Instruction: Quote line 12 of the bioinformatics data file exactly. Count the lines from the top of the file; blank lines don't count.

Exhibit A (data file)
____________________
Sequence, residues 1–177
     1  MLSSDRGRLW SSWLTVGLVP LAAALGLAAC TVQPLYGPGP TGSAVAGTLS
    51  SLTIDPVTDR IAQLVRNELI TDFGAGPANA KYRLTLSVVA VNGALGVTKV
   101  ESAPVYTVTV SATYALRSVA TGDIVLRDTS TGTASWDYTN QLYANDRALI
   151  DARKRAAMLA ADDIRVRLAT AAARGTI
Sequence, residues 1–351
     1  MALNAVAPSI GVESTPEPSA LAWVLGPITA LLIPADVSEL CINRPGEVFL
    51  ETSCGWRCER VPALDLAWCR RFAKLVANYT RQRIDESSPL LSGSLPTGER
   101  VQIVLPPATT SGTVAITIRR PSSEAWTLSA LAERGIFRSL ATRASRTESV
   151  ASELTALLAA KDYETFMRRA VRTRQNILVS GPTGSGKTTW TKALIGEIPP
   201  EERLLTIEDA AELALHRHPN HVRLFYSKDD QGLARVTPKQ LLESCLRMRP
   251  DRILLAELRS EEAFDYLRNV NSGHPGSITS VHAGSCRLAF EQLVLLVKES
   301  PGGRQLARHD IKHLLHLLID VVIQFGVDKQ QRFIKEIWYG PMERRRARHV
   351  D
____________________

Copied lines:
   251  DRILLAELRS EEAFDYLRNV NSGHPGSITS VHAGSCRLAF EQLVLLVKES